Conventional wisdom holds that legislators who bring “pork”—federal funds for local projects—back home to their districts are better able to fend off potential challengers. For more than four decades, however, the empirical support for this belief has been mixed. Some studies have found that securing federal spending has no electoral effects at best or can even cost incumbent legislators votes.
In Pork Barrel Politics, Andrew H. Sidman offers a systematic explanation for how political polarization affects the electoral influence of district-level federal spending. He argues that the average voter sees the pork barrel as an aspect of the larger issue of government spending, determined by partisanship and ideology. It is only when the political world becomes more divided over everything else that the average voter pays attention to pork, linking it to their general preferences over government spending. Using data on pork barrel spending from 1986 through 2012 and public works spending since 1876 along with analyses of district-level outcomes and incumbent success, Sidman demonstrates the rising power of polarization in United States elections. During periods of low polarization, pork barrel spending has little impact, but when polarization is high, it affects primary competition, campaign spending, and vote share in general elections. Pork Barrel Politics is an empirically rich account of the surprising repercussions of bringing pork home, with important consequences in our polarized era.
Providing new insights about a very old practice of government, Pork Barrel Politics details how pork barrel spending operates and shapes Congressional politics and policy making over the history of the Republic in an exhaustive and comprehensive analysis. Sidman demonstrates how legislators use and benefit from pork barrel spending, affecting a host of electoral and policy outcomes. A crucial book.
Robert Stein, coauthor of Perpetuating the Pork Barrel: Policy Subsystems and American Democracy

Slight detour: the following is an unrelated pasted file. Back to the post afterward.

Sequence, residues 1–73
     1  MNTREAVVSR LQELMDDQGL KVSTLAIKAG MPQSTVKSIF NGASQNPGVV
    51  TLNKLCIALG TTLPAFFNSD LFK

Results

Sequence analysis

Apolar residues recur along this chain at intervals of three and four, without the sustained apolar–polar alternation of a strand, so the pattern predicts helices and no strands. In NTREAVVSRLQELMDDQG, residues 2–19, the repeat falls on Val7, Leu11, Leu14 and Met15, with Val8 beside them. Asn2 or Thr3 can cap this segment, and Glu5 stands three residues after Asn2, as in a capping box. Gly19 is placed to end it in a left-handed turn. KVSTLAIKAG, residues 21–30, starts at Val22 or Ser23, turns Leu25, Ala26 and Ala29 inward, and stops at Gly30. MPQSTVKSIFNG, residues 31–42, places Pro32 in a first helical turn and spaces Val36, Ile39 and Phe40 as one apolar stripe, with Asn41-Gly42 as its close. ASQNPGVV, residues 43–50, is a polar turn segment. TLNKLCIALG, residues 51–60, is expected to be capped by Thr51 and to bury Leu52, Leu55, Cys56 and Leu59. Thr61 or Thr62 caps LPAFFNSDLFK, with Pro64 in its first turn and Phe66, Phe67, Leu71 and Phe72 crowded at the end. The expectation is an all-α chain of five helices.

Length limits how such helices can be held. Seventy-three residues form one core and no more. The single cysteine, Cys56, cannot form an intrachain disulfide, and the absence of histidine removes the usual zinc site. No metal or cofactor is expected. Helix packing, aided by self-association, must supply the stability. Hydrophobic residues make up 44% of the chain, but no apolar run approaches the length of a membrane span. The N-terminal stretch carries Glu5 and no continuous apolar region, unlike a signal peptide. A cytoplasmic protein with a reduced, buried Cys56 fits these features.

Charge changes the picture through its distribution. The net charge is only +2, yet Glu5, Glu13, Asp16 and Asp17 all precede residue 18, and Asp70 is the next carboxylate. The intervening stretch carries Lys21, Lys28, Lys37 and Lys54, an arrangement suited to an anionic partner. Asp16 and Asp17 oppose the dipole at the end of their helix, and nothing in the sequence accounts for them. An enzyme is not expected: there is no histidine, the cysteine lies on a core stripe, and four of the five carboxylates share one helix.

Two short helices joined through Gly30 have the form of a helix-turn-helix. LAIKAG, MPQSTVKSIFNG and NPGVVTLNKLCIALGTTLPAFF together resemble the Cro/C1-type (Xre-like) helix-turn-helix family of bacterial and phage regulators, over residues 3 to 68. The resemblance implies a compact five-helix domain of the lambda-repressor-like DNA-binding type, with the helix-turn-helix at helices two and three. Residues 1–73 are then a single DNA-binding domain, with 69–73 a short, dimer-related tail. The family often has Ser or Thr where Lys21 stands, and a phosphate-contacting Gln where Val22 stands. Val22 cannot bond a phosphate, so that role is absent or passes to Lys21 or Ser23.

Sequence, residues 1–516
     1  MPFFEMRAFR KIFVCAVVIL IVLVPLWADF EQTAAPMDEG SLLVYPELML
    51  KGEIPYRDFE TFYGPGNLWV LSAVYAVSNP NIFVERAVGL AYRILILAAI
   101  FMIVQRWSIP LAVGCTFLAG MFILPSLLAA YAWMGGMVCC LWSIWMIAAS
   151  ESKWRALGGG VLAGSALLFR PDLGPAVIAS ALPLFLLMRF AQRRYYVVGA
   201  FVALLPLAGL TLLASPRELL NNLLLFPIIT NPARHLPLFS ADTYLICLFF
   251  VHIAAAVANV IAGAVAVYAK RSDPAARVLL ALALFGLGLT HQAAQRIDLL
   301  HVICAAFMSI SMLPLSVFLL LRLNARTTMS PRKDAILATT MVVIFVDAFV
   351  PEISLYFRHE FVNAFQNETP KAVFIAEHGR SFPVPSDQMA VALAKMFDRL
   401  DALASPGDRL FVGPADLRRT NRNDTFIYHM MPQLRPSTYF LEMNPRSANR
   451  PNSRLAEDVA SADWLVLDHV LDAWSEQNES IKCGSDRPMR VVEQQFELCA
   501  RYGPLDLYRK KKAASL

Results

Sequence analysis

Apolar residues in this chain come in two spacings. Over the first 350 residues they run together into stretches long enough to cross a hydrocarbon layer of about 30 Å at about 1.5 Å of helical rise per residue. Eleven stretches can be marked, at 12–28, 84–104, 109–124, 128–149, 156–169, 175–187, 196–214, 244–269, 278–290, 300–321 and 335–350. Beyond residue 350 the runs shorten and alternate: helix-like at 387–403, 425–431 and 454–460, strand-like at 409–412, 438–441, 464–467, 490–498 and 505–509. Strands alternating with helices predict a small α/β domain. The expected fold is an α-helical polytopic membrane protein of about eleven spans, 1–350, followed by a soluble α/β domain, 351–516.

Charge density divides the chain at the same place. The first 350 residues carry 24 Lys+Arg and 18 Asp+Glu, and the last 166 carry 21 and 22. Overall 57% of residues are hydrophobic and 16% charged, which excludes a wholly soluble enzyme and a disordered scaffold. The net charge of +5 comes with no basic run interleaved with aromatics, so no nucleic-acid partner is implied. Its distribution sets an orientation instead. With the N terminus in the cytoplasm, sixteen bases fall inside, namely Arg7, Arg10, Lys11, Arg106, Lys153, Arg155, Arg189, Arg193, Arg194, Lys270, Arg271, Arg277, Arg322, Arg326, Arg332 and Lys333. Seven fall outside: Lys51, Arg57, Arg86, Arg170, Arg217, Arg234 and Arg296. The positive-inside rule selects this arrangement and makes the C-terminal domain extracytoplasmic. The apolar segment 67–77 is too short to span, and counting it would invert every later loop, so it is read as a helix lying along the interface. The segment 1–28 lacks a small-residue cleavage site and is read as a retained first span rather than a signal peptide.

Sidman convincingly explains why Republicans and Democrats respond so differently to the pork barrel, once thought to be an unambiguous benefit to all members of Congress, and why the impact of pork barreling has varied over time. His central insight is that the electoral impact of pork depends on the type of benefits awarded and on levels of polarization. A rich historical account with persuasive theory and wide-ranging, sophisticated empirical analysis.
Diana Evans, author of Greasing the Wheels: Using Pork Barrel Projects to Build Majority Coalitions in Congress
A comprehensive and timely study, Pork Barrel Politics traces the history of distributive spending in Congress and its relation to Congressional elections at the primary and general election stages. Sidman finds that the effects of distributive benefits vary across parties, and can include significant indirect effects by deterring potential party primary challengers.
Gregory Koger, University of Miami
While several scholars have found that Republicans do not benefit from pork barrel spending, this book engages in a more comprehensive analysis of the relationship between party and pork barrel spending, presents a more robust body of evidence and—most importantly—models the effects of party polarization.
Daniel Palazzolo, author of The Speaker and the Budget: Leadership in the Post-Reform House of Representatives